A shooting star across the sky in terms of news recently was the fact that the San Francisco Giants appealed an on-field decision in a game versus the Chicago Cubs and actually won it.
While these kinds of machinations are so mind-numbing (think courtroom procedurals not written by John Grisham) this time the action woke up the baseball world.
All you need to know is that it is easier to get a lower court decision overturned by the United States Supreme Court than it is to get Major League Baseball to overturn a decision made during a game.
The historic moment
On Tuesday, Aug. 19, the Giants and Cubs were playing at Wrigley Field. In the bottom, or home half, of the fifth inning the Cubs led 2-0. Then a monsoon struck, soaking the players, the field and fans. Since Chicago was ahead going into the last of the fifth, the umpires ruled that it was an official game and would go into the record books as a Cubs victory.
This made Giants manager Bruce Bochy rather grumpy. While he did not publicly say that the Chicago grounds crew was so lackadaisical in putting tarp on the field that it was tantamount to stealing the win, he definitely made it clear that he believed they moved slower than turtles.
The upshot was that the Giants did not feel the Cubs won the game fair and square. They contended that if the tarp had been rolled onto the field in a timely manner then the game would have been able to resume following a rain delay. Instead, everyone went home and the game went into the Cubs’ win column.
Or so people thought. Not so fast. The Giants filed a protest with Major League Baseball’s administrators and to the shock of many the appeal was upheld. The baseball supremes ruled that the grounds crew had put the tarp away sloppily the preceding time it was used. Unlike failure to stop an execution until after the inmate is dead, MLB could stop the clock and go back. In addition to publicizing the decision and forcing the unusual circumstance of picking up the game at a later time, the most astounding aspect of the affair was that no appeal had been granted since 1986.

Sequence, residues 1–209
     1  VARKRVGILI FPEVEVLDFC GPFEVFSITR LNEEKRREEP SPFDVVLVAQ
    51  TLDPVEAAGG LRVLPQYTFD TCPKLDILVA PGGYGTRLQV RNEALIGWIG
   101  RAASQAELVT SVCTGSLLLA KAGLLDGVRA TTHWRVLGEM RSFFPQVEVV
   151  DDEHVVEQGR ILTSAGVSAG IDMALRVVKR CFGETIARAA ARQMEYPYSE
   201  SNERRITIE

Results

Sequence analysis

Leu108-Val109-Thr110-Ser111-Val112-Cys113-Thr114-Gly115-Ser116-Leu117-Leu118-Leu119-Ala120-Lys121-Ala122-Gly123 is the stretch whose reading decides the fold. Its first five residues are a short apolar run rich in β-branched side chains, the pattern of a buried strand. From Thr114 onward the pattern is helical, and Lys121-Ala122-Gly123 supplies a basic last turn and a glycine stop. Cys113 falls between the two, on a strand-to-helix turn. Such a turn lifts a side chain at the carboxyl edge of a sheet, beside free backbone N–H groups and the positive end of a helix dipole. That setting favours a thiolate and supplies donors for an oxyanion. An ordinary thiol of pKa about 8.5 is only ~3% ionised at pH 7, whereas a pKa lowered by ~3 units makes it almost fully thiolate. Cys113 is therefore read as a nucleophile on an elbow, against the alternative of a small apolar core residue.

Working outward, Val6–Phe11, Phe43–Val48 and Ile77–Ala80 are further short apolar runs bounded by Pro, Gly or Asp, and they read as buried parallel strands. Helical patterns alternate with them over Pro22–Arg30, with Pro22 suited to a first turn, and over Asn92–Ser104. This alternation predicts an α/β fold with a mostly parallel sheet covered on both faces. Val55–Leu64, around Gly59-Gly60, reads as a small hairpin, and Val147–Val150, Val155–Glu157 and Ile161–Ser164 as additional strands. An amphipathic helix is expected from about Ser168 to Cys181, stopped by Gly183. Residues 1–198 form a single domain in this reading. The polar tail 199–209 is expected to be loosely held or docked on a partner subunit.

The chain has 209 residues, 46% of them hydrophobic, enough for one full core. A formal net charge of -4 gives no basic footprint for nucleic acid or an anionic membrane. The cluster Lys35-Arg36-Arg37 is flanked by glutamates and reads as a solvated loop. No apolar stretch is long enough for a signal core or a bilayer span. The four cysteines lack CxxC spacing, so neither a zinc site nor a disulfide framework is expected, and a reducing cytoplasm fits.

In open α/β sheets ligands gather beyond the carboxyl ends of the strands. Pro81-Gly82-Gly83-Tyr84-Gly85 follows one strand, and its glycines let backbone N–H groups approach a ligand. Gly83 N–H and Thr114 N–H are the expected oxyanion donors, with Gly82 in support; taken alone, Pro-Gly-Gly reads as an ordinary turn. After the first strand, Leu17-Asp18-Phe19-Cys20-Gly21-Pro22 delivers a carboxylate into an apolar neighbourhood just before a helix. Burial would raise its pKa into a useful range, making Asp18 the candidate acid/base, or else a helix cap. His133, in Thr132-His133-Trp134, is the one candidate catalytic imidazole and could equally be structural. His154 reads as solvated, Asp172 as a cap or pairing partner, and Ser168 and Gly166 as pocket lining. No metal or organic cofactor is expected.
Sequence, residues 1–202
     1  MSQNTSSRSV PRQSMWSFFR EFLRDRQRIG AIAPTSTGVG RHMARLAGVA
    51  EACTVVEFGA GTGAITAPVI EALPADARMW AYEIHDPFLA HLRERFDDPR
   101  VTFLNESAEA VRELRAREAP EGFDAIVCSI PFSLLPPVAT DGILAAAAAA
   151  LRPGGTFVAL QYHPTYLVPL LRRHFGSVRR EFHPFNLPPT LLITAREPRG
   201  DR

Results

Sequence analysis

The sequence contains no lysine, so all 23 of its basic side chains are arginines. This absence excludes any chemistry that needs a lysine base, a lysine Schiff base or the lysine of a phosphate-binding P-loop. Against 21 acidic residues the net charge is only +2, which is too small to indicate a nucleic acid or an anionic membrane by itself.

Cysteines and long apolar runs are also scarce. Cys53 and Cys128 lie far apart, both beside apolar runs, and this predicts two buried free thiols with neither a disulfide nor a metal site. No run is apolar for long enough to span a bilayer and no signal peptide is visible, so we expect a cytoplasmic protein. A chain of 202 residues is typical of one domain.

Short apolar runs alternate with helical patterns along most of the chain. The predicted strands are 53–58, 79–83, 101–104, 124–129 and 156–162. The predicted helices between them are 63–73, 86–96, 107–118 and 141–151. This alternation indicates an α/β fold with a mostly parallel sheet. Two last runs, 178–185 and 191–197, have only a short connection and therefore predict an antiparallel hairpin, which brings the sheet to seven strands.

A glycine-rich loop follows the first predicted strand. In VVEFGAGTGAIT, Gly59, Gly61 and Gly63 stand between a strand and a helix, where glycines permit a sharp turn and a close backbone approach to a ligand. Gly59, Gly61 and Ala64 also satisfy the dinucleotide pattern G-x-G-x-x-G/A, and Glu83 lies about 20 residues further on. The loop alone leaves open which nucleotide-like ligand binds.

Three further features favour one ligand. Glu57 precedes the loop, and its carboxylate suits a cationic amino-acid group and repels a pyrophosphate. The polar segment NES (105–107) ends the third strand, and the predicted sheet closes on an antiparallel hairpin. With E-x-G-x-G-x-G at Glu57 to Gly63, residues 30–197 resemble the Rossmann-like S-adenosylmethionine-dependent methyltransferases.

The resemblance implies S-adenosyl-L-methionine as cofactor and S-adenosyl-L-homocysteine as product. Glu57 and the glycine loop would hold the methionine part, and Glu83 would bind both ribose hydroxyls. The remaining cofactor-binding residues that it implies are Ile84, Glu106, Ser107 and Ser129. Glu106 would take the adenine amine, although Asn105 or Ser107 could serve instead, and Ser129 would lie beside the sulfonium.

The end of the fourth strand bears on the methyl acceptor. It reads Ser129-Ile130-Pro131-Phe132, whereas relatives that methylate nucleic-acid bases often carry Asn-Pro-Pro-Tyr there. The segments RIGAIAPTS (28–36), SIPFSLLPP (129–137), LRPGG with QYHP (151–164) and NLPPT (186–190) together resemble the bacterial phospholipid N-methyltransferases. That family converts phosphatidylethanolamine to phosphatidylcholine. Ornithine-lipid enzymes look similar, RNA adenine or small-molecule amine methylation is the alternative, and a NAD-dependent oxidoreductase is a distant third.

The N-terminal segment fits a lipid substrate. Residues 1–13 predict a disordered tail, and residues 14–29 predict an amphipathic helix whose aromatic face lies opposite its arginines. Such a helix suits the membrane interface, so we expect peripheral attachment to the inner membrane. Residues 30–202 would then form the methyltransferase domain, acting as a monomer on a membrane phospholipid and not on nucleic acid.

That’s 28 years without a single, solitary successful appeal. Not that baseball people had reason to be cynical, but a large percentage of players in the game today were not even alive the last time such an appeal was approved. Kind of makes one think that any appeal is fruitless, that any appeal is treated frivolously, and that even having an appeal process is a waste of time.
This protest will not resonate in history in the way the March on Washington did 51 years ago, or those street protests against the Vietnam War, but it was nonetheless a protest filed in which someone listened and responded.
Truth and justice prevailed, despite additional delay. The game was finished two days later and the result didn’t change, only the final score. The Cubs won 2-1. But ironically, the start of that game was put back nearly two hours because it rained once again. This time the tarp protected the field.
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